They were late to the Internet, but brands like Ralph Lauren, Hermès and Tiffany are now making a real splash with their Websites. Some winning features: Live fashion shows, edgy blogs and Q&As with trendsetters. Oh, and nice merchandise. We rank the 10 best sites and window shop at upstarts like ideeli and Gilt.
By Jay Palmer
Saturday, September 18, 2010
With lean times discouraging conspicuous consumption even among those who can afford it, the posh stores on Los Angeles’ Rodeo Drive, New York’s Madison Avenue, Paris’ Rue du Faubourg Saint-Honore and London’s New Bond Street all have been feeling the pinch.
But there’s one road where luxury sales suddenly are booming: the digital highway. As global sales of high-end goods dropped 20% last year, the category’s online sales jumped by at least 10%, and still are climbing.
It’s not that the well-to-do are only now discovering the Internet. Far from it; wealthy baby boomers were online pioneers. Instead, it’s the makers and sellers of luxury products who are finally getting comfortable with the ‘Net.
“To suggest the Internet had an important role to play in the rarefied world of luxury used to be an act of misplaced bravery, or outright heresy,” says Mark Dunhill, CEO of Faberge. “Today, however, all the major players in this sector are falling over themselves in a rush to embrace the online world.”
In other words they’re not walking on eggshells anymore, not even of the Faberge variety. From Burberry to Louis Vuitton, from Bergdorf Goodman to Tiffany, big-name brands and retailers are setting up inviting, and sometimes dazzling, Websites. At the same time, a whole new generation of online retailers such as Gilt and Ideeli are offering fresh deals every day on a wide array of luxury goods.
“Whether its diamond necklaces, designer cocktail dresses, opulent fur coats or trendy name-brand handbags and shoes, it is now no more than a mouse-click away,” says Milton Pedraza, CEO of New York’s Luxury Institute, a research firm focused on high-net-worth consumers. “Some categories are smaller and some are bigger. But overall, Internet sales account for perhaps 15% of luxury revenue. And as the Websites get better and the industry gains expertise, that could rise to over 40% within five years.”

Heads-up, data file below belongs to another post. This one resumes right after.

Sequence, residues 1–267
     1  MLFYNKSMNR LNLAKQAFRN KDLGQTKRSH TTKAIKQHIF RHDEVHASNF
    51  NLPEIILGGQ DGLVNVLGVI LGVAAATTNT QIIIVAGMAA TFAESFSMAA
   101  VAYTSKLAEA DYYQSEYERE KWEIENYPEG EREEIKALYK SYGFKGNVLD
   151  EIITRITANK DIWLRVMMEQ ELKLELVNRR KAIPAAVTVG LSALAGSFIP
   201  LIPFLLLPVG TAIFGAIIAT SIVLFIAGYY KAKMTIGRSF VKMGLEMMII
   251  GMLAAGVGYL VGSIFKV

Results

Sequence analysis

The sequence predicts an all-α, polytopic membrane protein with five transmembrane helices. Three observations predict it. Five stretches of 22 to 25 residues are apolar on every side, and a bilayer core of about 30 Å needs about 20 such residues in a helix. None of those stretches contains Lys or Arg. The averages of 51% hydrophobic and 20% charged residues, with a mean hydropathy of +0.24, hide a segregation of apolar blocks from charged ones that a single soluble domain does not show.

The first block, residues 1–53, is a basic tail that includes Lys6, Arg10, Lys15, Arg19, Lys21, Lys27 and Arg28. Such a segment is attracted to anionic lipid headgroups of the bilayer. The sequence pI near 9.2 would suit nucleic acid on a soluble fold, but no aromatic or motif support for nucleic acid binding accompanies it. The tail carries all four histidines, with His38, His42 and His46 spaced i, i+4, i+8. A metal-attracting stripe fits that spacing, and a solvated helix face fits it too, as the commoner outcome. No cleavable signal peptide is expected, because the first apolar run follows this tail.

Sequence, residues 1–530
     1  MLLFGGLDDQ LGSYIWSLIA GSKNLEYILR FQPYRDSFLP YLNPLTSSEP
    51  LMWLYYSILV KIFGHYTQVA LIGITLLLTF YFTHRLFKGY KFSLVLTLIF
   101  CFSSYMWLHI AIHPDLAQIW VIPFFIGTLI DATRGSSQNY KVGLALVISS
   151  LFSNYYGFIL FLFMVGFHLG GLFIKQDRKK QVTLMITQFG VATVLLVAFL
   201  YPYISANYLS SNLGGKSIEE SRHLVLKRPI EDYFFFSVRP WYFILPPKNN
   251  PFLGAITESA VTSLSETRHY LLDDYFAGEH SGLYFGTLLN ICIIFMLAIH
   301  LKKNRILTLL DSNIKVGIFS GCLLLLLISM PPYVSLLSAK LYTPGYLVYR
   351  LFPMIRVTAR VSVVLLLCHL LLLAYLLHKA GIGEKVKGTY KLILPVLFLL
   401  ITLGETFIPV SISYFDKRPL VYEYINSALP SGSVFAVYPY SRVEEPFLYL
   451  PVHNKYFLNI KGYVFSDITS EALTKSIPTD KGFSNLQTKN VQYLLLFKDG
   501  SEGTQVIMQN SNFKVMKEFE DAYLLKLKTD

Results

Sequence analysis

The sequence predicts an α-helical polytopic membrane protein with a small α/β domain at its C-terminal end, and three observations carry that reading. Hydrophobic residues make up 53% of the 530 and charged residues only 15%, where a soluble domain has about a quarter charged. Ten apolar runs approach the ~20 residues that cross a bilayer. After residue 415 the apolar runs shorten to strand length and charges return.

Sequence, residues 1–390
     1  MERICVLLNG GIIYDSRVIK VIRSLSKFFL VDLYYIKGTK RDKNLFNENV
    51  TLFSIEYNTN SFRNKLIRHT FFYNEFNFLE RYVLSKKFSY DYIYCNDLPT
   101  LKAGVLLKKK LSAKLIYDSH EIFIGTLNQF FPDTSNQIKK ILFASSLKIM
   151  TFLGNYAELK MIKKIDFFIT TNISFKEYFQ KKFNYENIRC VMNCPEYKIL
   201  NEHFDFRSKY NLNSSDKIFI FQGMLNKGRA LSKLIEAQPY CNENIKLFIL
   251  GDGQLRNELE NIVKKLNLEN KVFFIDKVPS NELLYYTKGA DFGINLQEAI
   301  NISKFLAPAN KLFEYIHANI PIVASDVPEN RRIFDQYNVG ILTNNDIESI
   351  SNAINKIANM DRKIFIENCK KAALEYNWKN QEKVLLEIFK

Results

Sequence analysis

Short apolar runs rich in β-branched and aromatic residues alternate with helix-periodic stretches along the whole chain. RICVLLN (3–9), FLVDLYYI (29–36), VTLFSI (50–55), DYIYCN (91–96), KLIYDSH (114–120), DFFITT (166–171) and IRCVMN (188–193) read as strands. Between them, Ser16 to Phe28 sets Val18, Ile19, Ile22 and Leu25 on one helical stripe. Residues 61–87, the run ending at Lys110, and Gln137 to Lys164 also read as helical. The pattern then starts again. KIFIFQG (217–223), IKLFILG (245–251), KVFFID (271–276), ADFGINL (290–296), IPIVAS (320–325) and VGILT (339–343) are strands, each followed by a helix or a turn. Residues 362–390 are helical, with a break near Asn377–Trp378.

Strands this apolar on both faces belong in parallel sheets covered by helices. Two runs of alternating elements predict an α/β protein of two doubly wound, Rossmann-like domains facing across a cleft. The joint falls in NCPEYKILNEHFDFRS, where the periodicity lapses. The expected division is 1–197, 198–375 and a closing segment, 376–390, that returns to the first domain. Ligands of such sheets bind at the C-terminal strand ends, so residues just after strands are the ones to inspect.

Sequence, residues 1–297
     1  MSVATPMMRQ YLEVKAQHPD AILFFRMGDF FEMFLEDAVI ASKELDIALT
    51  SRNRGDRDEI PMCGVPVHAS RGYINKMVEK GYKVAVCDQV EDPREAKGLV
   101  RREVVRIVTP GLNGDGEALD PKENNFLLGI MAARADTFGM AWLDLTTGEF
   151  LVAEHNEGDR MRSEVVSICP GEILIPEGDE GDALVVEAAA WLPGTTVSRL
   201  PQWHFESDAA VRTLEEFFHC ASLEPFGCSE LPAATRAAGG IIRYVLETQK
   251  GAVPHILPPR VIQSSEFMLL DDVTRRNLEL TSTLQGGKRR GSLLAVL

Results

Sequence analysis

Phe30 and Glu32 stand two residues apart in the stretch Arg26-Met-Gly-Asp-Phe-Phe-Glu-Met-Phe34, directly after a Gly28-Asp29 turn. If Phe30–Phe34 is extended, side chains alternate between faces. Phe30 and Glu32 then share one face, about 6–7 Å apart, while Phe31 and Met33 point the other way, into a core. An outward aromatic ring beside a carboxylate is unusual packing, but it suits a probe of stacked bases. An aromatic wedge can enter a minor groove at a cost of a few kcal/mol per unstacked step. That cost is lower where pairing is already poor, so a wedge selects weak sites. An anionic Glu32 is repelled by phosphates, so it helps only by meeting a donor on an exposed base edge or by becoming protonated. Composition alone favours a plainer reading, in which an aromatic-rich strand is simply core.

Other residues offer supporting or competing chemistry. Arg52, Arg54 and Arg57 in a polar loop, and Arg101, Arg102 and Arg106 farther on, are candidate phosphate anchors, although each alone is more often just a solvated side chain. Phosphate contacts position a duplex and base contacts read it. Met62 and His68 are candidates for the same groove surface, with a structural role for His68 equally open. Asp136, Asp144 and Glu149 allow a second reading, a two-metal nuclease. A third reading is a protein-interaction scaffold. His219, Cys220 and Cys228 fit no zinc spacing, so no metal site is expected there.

That’s probably not a stretch.Unlike the early days of the Web, when Amazon.com and its ilk had to attract shoppers to an entirely new way of buying, consumers, especially well-heeled ones, now are now well-schooled in maneuvering online shopping-carts.
“Some of the wealthiest people around are from the leading decade of baby boomers, and these are the people who are the right age to be especially comfortable with computers,” says Susan Lyne, CEO of Gilt Groupe. Her Website offers discounts of as much as 70% on select luxury items in 36-hour sales. To provide a sense of exclusivity, Gilt requires that shoppers become members, which they can do only by invitation — but it offers invitations generously, and there are no fees.
Sites like that are a natural for any upscale consumer who doesn’t like fighting the crowds, and who takes pride in saving a buck.
Says Pedraza: “Wealthy shoppers are usually the best educated, the best connected and the most entrepreneurial. They are tech savvy, ready to appreciate the ease and convenience of buying online.”
The manufacturers and retailers of high-end wares increasingly get the message. Forrester Research says that of the nearly 200 global luxury firms they survey regularly, only a third sold merchandise on the Internet in 2008; today more than two-thirds do so, or are trying to do so.
Just about everyone who launches into Web selling assumes that there are some things that shoppers, rich or poor, wouldn’t be too keen to buy without first smelling, touching or tasting. But in practice, such items are proving few and far between. What sells and what doesn’t sell isn’t always predictable.
Expensive perfumes, exotic foods and snappy clothing are among the categories in which Internet traffic is high. So too are luxury-hotel getaways, rare vintage wines and jewelry fit for a princess.
Then again, some seemingly Web-ready products are proving to be tough sells. Although it’s now easy to sit down at your computer and select options for a BMW or a Benz, few people are driving off digital sales lots; they prefer to kick real tires and meet dealers in the flesh. Nor are luxury timepieces from the likes of Rolex, Breitling and Philippe Patek big sellers on the Web, partly because the watch makers fear antagonizing their traditional distributors.